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Printed canvases

A great Romagna tradition

a craft whose origins date back to the 18th century

Two steps into history

Hand-printed canvases are one of the symbols of Romagna. There is still no certainty as to the origin of this technique, but the diffusion of printing on canvas seems to date back to Europe as early as the 6th century, with an improvement in the 17th century thanks to the importation of new methods from the East and in particular from India. Wooden moulds from the 17th century very similar to those from Romagna, still preserved in Rome, suggest the presence of printing works in the capital of the Pontifical State.
From here the technique may have spread to the suburbs and particularly to Romagna, where it still survives and is handed down from generation to generation. The dialect poet Aldo Spallici recalls in his writings the rust-printed cloth blankets that covered oxen in the countryside from autumn to spring. Often imprinted on the blankets was the image of Saint Anthony Abbot, protector of animals.

In 1997, to safeguard and promote the art of printing on canvas, the artisan workshops of Romagna, now very few in number, joined together in the 'Associazione Stampatori Tele Romagnole' (Association of Canvas Printers of Romagna) and coined a trademark guaranteeing that the product was produced using the original ancient techniques.

Artigiano al lavoro

Curiosities about printed canvases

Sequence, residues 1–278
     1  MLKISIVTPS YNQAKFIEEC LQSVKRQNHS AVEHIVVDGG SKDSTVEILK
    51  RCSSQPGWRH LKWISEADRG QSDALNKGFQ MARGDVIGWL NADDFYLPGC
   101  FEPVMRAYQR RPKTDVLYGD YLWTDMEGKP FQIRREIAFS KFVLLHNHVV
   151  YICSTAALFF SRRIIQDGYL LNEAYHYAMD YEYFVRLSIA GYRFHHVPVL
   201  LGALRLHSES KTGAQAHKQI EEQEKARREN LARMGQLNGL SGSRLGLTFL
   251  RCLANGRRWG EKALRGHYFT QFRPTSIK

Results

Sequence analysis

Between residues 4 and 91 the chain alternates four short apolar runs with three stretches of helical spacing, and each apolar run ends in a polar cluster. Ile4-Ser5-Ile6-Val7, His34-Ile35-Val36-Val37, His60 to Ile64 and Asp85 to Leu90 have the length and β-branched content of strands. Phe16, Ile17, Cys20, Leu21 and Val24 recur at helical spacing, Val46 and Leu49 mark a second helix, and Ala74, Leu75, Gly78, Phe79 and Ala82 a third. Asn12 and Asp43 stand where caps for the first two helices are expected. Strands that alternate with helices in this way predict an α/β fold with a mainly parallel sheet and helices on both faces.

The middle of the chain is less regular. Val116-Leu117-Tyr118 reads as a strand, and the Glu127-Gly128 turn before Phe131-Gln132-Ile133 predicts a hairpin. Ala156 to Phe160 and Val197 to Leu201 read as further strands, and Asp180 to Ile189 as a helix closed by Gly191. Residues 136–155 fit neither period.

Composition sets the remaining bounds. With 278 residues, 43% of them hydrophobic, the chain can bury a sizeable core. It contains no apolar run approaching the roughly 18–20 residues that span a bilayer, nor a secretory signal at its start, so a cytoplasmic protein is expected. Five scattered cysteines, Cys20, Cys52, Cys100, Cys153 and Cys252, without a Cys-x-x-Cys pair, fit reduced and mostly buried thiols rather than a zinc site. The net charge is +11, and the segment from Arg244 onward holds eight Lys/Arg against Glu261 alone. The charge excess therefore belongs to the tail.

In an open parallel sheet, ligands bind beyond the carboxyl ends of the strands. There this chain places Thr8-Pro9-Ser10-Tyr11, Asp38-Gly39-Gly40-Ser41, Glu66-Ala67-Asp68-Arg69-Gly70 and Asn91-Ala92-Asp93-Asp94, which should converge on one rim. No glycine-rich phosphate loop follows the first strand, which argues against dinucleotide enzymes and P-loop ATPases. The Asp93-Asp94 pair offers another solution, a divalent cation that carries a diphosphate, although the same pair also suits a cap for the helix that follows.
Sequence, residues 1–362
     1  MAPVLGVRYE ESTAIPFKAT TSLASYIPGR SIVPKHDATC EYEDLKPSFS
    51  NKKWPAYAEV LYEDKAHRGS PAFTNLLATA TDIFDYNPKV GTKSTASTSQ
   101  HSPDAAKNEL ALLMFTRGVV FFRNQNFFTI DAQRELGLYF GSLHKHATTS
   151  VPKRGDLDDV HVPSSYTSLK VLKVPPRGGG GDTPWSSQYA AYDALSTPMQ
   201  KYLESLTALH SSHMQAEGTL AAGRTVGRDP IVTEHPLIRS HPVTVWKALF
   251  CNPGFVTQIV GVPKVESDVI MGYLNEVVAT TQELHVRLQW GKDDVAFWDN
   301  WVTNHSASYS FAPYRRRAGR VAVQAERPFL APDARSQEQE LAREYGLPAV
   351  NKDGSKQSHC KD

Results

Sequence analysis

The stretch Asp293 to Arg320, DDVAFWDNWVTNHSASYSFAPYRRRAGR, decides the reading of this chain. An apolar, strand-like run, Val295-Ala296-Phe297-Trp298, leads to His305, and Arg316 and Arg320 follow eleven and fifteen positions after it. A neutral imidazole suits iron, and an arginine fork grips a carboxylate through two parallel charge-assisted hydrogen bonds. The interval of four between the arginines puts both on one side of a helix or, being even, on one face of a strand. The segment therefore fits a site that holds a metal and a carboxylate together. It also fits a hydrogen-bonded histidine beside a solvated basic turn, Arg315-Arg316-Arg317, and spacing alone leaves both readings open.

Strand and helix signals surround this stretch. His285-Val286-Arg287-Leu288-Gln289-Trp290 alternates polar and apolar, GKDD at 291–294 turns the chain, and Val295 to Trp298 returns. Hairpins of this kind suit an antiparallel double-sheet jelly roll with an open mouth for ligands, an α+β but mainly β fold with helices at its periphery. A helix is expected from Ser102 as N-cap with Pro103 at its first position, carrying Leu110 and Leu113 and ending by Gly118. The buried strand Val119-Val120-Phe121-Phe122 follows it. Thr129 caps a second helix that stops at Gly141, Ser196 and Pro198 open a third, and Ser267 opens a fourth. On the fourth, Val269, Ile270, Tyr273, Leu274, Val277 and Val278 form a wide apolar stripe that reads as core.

In the past, the most commonly used cloth was hemp. Many families had a loom at home, often in the stables, and wove directly. Today, a variety of materials are used, such as linen, cotton and, as in the past, hemp. From that time to the present day, the cloth is stretched and cut 'straight', pulling a thread along the cloth and following it with scissors so that it is straight. The most frequently used motifs represent traditional peasant symbols such as cocks, grapes, ears of wheat, flowers and vine shoots. To these are added today, other modern subjects and drawings.
Cloth printing was part of the peasant world; it was, in fact, a simple and inexpensive method of imitating the fine fabrics, decorations and embroideries of the richer people.

Authentic wealth

Each craftsman builds his own artistic heritage of moulds made by the craftsman.
These moulds are all different from each other and the small imperfections guarantee the authenticity of the craftsmanship.

What products are produced?

Tablecloths, bedspreads, curtains, towels, cushions and kitchen linen are just some of the products customised with the Romagna print.
Printers continue to creatively expand their range of articles.
Each one is a unique and unrepeatable piece of great value that stands out for its quality and history.

How is the printing done?

The technique and tools have always been the same.
A mineral-based coloured paste is applied to the hand-carved moulds:
from blue to green to red to the unmistakable rust that is obtained by applying an iron oxide solution.
This is followed by stamping where the required designs are composed on canvas.
After drying, the colours are fixed in large vats: the colours acquire their characteristic colour appearance and
guaranteed washability.



How does the tradition continue?

In the historic centre of Cervia, overlooking Piazza Pisacane, is the Printed Canvas Workshop, where you can discover this precious art at its best.

C'ERA UNA VOLTA di Elisa Drudi
Via Mazzolani, 13 - Cervia (RA)

Tel. +39 0544 971234


The workshop is part of the Associazione Stampatori Tele Romagnole (Association of Cloth Printers of Romagna), set up to protect the historical and cultural heritage of an ancient tradition still active in Romagna today. In addition to the numerous masterpieces by craftsmen, today the tradition of printed canvases continues thanks to numerous exhibitions organised by Musa over the years.
In addition, the culture of Romagna lives on thanks to numerous workshops, including one on printed canvases.

Immagini di tele stampate

Printed canvases

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